II) For the NLP part I’ll mostly use spaCy’s Portuguese CNN model (pt_core_news_sm), although I also use NLTK for some parts. Let’s see for example the most repeated Verbs, Nouns, and Subjects within our tweets (a.k.a Parts-Of-Speech). The usual suspects here, at least for the most common verbs and nouns. The most common adjectives, however, show that humans are still better at identifying POS, because the adjectives ‘Politico’, ‘Especial’, and ‘Mínimo’, actually refer to nouns in the context of this pension reform: they mean ‘Politicians’, ‘Special pensions’, and ‘Minimum wage or Minimum pensions’. I know this depends on how (over what) spaCy’s Portuguese model was trained, and that I could do some micro engineering about it, but still, there is no single model (yet) that gets every POS right.

Syntactic dependencies are other popular NLP illustrations using spaCy. The following two are examples of spaCy’s accuracy in regards to that matter.

We can also do some Named-entity recognition (NER). The following examples show, for example, how spaCy’s model is good at recognizing that Alessandro Molon is a person, or that Brazil and Chile are locations.

Using another popular NLP library, NLTK, we can see the concordance of particular words. In this case we look for tweets with the word Idoso (meaning senior person).

III) In this part I present two supervised Machine Learning classification models and apply them to our ≈ 174k tweets. I use two annotated corpora for this task (both have a ternary classification: ‘negative-positive-neutral’). The first (Minas from now on) is a set of ≈ 9 thousand tweets about Minas Gerais’ government (Minas Gerais is a Brazilian state, a big one!). I found this first annotated corpora here:

The second corpora consists of ≈53k opinion tweets about Brazilian TV shows (USP from now on), created using both expert manual annotation and semi-supervised learning. For details please refer to this corpora’s website (which includes links to the author’s Universidade de Sao Paulo thesis and derivative papers).

The pre-processing of text follows standard NLP procedures: general cleaning for html, xml, names, numbers, caps, etc.; portuguese stopwords; normalization (eg. lemmas); and tokenization (at the word level using spaCy’s tokenizer in the pipeline).

For the specific algorithm I use Multinomial Naive Bayes as it theoretically relates more to the assumption of independence among tokens (I also tried random forests, SVM and logistic classifications, all yield similar results in term of fitness). The training uses 75% of both corporas and the following precision estimates are displayed for both binary (excluding the ‘neutral’ class) and ternary (neutral, positive and negative tweets). I only display the ‘accuracy’ measure for parsimony, and because the recall and F1 measures do not differ greatly (you can replicate these results yourself). For people worried about the model’s ‘sentiment’ recognition capabilities, the accuracy measure is always close to the ‘recall’ indicator.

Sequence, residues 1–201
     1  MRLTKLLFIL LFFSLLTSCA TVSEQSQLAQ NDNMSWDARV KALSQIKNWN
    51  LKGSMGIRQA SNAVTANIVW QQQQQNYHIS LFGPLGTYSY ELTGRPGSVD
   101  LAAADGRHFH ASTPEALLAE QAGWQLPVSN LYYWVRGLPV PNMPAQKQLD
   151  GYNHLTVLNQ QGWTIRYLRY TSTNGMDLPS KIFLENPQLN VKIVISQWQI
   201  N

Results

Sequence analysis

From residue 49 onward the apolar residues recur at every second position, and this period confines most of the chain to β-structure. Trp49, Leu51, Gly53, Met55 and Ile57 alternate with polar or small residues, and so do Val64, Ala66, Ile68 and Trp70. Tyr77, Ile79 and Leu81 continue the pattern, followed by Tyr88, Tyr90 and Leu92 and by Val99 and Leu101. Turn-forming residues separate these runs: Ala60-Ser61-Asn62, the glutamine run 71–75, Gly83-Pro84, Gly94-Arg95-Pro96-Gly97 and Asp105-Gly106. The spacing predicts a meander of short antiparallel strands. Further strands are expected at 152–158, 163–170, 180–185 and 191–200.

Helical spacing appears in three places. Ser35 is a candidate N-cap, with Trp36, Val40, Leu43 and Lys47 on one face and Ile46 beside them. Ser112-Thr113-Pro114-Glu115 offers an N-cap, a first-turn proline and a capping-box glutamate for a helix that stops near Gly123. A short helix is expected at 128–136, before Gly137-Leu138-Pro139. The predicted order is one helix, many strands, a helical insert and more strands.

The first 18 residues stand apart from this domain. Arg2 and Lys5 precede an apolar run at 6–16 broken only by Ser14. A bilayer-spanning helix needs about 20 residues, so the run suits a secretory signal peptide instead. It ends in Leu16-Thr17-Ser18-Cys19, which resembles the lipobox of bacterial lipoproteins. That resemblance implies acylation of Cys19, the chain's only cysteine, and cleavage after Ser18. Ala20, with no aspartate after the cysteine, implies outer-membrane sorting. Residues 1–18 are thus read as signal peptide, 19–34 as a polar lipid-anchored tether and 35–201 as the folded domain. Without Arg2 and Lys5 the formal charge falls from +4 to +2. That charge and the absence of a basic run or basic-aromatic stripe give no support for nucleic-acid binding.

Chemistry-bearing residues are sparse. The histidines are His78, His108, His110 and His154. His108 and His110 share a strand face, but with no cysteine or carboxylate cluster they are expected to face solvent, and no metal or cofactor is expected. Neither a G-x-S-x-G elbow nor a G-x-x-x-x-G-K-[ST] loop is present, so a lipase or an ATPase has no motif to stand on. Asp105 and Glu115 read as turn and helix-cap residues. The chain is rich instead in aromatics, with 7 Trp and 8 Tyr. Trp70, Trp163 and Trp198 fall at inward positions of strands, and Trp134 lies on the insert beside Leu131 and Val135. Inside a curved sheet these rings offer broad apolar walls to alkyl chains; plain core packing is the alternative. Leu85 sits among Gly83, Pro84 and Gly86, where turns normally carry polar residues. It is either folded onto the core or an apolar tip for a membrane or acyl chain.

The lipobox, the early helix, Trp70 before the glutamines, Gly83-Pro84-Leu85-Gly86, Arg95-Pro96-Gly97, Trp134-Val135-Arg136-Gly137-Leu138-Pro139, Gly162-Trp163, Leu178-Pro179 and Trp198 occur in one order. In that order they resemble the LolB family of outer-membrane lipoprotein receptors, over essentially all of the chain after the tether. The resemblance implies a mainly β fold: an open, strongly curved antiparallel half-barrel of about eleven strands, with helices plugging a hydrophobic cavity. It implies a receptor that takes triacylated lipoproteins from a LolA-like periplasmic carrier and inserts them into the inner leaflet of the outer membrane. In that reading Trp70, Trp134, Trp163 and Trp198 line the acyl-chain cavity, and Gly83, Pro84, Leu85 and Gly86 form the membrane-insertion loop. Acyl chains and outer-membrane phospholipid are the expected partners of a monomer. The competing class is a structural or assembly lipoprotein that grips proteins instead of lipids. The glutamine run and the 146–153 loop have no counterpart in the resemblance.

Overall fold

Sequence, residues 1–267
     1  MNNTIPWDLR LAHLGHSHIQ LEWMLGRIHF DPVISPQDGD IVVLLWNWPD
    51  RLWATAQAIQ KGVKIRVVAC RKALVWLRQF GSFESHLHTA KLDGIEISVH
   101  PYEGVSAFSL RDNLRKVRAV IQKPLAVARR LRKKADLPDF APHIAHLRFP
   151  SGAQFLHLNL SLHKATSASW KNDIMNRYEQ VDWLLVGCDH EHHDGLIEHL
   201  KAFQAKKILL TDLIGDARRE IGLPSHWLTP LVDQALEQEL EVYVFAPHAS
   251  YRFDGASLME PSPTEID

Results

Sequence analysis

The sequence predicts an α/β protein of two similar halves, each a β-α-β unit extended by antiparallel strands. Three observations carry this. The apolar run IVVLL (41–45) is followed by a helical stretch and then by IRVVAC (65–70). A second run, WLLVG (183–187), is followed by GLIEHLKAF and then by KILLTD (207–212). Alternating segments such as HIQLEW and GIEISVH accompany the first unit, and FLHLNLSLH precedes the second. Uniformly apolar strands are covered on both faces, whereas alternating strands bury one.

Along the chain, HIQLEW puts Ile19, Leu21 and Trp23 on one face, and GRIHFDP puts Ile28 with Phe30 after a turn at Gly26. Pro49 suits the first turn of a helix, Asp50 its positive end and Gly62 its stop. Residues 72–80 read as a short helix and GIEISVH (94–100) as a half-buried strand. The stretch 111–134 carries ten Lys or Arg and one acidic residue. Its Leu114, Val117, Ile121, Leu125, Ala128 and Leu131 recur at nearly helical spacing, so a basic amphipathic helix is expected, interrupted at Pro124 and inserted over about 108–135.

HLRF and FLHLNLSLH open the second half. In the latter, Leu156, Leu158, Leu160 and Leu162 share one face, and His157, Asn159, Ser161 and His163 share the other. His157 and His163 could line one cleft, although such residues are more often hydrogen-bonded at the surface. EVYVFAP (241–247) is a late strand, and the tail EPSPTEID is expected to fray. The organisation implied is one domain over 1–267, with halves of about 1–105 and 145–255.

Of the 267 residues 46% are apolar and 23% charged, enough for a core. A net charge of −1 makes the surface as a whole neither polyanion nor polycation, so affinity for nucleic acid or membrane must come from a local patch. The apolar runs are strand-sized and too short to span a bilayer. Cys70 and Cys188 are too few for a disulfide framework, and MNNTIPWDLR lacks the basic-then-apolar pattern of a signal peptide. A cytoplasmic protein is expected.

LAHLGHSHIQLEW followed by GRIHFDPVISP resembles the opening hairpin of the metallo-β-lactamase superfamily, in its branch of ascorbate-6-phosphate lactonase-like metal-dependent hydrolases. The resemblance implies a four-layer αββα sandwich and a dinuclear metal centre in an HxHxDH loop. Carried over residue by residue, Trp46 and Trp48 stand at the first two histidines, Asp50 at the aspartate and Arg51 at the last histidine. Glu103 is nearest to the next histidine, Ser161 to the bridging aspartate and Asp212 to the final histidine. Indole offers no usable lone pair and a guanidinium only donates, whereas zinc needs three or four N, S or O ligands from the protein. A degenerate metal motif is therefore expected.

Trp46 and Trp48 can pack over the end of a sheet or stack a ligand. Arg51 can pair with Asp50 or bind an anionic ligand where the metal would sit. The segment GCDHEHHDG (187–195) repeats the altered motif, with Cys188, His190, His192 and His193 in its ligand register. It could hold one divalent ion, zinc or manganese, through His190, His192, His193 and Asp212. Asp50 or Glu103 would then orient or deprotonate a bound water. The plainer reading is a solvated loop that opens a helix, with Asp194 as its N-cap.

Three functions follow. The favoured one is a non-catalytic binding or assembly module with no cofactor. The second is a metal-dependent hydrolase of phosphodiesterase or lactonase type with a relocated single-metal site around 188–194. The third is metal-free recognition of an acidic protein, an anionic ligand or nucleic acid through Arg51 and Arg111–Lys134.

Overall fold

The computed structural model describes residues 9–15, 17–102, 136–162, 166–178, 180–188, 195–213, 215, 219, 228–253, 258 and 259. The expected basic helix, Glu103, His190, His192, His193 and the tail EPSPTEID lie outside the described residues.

The Minas model yields better accuracy for both representations (possibly over-fitted though), and this is explained by the fact that this corpora is more ‘self-contained’ as it only relates to one topic (opinions regarding Minas Gerais’ goverment in 2017). The USP’s model, much bigger and more thematically disperse, yields lower accuracy estimates.

So, let’s apply those models to our ≈ 174k tweets! The figures ahead show the results. In general, our tweets are classified as being mostly negative (No news there!). When including the neutral class, the Minas model says our tweets are mainly neutral, and negative. USP’s model provides a balance between neutrality and negativity.

We could display such classifications by localities (cities). Here is the example using USP’s model:

What now? I guess we could reinforce these classification hiring some time in Amazon Mechanical Turk to apply reinforced learning and fine-tune these models. I won’t be doing that. What I’ll try next, however, is using some transfer learning with distilled BERT models provided by the PYtorch-spaCy recently created library. If someone else wants to come along in that path I would appreciate it. I also have some snippets (prototype) for livestreaming tweets that would allow for presque real-time classification, a sort of live opinion monitoring (this is not easy as twitter is strict about stream listeners).

Finally, some caveats/limitations and acknowledgements are needed. First, this type of twitter analysis lacks external validation (something household surveys or public polls also lack to some extend, but for which they provide better sampling/methodological documentation). Secondly, this project grew upon many other bloggers, programmers and coders. The list of which is too long to mention. I am but a code scavenger, and any errors are mine solely.